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Research article - Peer-reviewed, 2015

The effect of red wood ant abundance on feeding damage by the pine weevil Hylobius abietis

Manak, Vitezslav; Björklund, Niklas; Lenoir, Lisette; Nordlander, Göran

Abstract

Red wood ants (Formica rufa group) are the dominant ant species in European forests that can affect the abundance of other arthropods (e.g. herbivorous insects in tree canopies or beetles on the forest floor). Notably, ants can prevent pine weevils (Hylobius abietis) from feeding on conifer seedlings supplied with food sources for ants. This is a potentially important observation because the weevil is a serious pest in forest regeneration areas. We hypothesized that frequent encounters between red wood ants and pine weevils on the ground may decrease the weevils' feeding on conifer seedlings. To test this hypothesis, we compared feeding damage caused by pine weevils on spruce seedlings in areas with high and low abundance of red wood ants. Despite a four-fold difference in the numbers of ants in pitfall trap samples, there were no significant differences between areas with high and low ant abundance in terms of feeding-scar areas, proportions of attacked seedlings or proportions of killed seedlings. Thus, in contrast to previously documented deterrent effects on ground-dwelling beetles, high abundance of ants on the ground did not influence the feeding activity of pine weevils on the spruce seedlings. We conclude that the mechanisms underlying seedling protection by ants are probably mainly related to the ants' protection of food sources, whereas the frequency of encounters elsewhere has less effect on the weevils' feeding.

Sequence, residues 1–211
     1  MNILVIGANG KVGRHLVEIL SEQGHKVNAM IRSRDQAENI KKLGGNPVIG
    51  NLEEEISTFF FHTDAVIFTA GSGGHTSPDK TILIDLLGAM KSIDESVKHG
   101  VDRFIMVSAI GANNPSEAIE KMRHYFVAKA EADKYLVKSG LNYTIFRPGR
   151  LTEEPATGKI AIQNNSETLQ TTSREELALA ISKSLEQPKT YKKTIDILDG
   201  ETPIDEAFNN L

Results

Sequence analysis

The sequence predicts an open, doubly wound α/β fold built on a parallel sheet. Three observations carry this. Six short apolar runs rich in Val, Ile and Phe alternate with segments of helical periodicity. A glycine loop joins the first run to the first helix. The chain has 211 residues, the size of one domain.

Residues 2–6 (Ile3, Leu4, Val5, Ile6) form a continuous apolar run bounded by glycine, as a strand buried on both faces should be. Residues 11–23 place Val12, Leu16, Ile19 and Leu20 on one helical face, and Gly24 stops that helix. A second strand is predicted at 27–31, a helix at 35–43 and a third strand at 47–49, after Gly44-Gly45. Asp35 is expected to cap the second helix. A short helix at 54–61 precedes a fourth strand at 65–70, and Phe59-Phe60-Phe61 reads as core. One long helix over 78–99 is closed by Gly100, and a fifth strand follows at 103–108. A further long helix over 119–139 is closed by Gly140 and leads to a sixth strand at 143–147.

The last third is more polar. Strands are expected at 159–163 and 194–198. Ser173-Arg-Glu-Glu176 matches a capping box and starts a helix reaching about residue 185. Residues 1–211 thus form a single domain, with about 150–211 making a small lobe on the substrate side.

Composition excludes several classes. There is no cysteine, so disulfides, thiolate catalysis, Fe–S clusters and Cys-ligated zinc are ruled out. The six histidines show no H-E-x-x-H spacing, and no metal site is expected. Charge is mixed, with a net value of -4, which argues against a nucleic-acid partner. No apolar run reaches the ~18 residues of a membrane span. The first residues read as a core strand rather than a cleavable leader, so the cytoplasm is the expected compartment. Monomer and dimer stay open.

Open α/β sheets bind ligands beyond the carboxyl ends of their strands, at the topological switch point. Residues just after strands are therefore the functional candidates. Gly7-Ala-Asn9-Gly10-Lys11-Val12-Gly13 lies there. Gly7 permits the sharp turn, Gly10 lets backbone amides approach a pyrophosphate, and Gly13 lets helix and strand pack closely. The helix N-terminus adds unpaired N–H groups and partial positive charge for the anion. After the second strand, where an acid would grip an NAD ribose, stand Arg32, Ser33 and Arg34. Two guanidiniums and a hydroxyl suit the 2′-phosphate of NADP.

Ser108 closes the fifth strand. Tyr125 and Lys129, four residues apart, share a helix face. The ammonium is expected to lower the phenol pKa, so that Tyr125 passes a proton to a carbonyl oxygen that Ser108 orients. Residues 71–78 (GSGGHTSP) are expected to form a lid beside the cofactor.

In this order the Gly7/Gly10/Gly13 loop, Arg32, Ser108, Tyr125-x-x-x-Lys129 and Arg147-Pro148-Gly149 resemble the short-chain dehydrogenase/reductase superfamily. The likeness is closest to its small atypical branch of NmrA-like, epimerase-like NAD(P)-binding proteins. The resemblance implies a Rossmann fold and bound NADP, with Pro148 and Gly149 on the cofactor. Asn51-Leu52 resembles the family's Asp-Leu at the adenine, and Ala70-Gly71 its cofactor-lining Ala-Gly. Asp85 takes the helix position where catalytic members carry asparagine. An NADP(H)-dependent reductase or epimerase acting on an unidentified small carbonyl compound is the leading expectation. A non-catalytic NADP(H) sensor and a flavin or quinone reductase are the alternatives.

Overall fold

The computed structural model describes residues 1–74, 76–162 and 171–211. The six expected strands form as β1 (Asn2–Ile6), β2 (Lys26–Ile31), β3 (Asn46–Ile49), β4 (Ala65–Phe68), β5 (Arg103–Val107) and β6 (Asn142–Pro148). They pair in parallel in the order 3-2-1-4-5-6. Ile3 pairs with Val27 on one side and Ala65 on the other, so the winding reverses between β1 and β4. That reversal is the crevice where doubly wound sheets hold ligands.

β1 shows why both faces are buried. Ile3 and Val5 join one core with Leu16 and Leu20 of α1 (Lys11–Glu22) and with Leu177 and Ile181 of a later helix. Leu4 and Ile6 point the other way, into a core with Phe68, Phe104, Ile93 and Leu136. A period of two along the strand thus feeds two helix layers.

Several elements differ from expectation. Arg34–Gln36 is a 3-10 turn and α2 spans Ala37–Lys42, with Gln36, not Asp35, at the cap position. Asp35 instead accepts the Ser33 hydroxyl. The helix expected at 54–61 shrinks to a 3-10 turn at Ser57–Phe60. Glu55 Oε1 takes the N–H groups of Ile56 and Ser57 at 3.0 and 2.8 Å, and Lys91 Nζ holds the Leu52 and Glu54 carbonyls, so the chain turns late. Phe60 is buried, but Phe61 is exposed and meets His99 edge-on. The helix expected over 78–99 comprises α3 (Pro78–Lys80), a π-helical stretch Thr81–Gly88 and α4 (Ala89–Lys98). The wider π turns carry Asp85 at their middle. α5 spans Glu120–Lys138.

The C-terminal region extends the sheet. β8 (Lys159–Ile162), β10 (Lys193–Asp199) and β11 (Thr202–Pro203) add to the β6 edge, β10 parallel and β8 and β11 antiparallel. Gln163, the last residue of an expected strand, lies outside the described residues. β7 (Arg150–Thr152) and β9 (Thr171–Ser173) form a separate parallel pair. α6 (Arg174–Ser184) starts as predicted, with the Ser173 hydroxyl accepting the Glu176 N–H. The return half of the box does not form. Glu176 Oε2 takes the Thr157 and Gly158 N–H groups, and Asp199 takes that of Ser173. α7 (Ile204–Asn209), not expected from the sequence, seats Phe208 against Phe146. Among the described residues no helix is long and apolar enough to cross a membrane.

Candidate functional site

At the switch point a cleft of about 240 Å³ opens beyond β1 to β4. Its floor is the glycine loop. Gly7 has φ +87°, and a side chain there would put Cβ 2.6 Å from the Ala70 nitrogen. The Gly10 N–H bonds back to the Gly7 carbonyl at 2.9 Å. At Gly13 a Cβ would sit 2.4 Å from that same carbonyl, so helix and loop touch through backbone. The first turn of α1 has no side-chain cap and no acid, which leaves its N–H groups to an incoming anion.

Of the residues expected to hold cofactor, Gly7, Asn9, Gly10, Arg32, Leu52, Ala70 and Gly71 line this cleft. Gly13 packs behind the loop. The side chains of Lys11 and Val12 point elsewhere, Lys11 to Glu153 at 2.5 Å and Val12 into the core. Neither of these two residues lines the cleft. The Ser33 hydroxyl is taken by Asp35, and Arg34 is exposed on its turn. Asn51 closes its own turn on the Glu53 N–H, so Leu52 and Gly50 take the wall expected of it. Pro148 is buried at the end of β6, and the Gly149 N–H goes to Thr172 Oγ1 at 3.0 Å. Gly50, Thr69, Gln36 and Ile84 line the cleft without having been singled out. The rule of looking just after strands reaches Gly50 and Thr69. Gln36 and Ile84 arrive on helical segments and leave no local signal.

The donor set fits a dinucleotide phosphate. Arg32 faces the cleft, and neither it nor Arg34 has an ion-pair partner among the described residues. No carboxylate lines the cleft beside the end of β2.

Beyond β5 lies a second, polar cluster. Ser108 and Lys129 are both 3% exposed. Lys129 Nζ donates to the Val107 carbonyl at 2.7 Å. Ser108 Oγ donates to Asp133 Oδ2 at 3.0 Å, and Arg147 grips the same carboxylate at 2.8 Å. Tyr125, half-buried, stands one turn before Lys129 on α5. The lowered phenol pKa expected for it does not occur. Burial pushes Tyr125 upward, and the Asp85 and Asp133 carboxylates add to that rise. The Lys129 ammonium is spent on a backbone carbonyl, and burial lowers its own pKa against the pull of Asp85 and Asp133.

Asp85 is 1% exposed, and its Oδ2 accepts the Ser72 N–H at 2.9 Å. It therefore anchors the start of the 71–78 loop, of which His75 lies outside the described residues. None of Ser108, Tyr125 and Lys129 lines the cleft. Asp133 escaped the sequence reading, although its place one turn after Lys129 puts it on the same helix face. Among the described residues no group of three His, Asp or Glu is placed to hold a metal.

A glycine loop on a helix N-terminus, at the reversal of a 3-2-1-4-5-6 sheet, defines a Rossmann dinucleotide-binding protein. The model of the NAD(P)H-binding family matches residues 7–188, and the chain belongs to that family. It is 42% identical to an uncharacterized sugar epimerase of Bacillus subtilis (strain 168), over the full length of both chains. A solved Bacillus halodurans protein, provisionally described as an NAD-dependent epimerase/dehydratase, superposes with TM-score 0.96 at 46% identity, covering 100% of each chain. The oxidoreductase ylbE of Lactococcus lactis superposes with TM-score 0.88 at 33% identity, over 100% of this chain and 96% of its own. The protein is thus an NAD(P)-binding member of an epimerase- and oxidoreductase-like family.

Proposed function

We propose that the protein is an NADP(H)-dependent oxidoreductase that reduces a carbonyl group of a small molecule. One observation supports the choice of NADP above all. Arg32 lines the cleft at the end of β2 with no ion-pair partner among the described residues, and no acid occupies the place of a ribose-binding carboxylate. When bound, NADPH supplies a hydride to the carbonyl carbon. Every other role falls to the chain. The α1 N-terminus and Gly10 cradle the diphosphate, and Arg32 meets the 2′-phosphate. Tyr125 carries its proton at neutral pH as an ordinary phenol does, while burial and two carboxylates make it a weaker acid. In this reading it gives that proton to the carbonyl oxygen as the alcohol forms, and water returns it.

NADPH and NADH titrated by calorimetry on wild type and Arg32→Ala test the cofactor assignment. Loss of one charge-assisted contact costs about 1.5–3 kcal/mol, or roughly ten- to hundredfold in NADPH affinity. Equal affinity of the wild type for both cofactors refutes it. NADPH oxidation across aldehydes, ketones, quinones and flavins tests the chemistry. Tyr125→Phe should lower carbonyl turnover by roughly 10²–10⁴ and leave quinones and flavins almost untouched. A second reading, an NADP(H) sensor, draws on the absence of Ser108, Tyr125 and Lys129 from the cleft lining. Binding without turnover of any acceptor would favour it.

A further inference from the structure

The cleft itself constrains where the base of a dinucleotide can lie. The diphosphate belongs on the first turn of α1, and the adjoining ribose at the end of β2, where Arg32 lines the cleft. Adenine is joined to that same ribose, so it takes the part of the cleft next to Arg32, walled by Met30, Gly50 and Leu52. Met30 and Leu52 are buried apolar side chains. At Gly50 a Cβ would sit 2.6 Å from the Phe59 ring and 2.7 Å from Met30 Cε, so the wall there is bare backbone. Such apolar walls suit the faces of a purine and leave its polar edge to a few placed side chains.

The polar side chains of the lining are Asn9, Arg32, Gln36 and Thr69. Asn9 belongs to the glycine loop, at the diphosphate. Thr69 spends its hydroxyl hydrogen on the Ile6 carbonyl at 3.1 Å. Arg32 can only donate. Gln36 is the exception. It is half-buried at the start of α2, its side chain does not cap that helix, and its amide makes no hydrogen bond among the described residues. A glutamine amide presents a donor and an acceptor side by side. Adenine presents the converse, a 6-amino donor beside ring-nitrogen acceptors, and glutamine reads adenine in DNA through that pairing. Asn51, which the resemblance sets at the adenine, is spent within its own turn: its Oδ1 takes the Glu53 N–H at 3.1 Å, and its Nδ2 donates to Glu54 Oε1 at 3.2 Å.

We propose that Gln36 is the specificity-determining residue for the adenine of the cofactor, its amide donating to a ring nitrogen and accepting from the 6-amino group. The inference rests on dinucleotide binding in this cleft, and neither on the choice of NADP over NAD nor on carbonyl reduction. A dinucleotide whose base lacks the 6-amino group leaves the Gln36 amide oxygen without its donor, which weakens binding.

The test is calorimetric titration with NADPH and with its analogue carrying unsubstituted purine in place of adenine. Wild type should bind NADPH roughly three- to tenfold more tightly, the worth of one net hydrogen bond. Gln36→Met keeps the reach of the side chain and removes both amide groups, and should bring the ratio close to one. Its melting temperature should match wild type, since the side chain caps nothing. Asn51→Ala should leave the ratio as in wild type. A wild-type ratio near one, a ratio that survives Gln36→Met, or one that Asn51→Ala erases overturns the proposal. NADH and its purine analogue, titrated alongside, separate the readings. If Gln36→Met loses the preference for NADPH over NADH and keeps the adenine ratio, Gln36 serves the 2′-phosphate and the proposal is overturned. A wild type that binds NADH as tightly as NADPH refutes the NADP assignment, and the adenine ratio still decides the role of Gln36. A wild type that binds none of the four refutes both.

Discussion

Keywords

Clear-cut; forest regeneration; Formica rufa group; herbivores; Hylobius abietis; integrated pest management; interference competition; nonconsumptive interactions

Published in

Agricultural and Forest Entomology
2015, Volume: 17, number: 1, pages: 57-63
Publisher: WILEY-BLACKWELL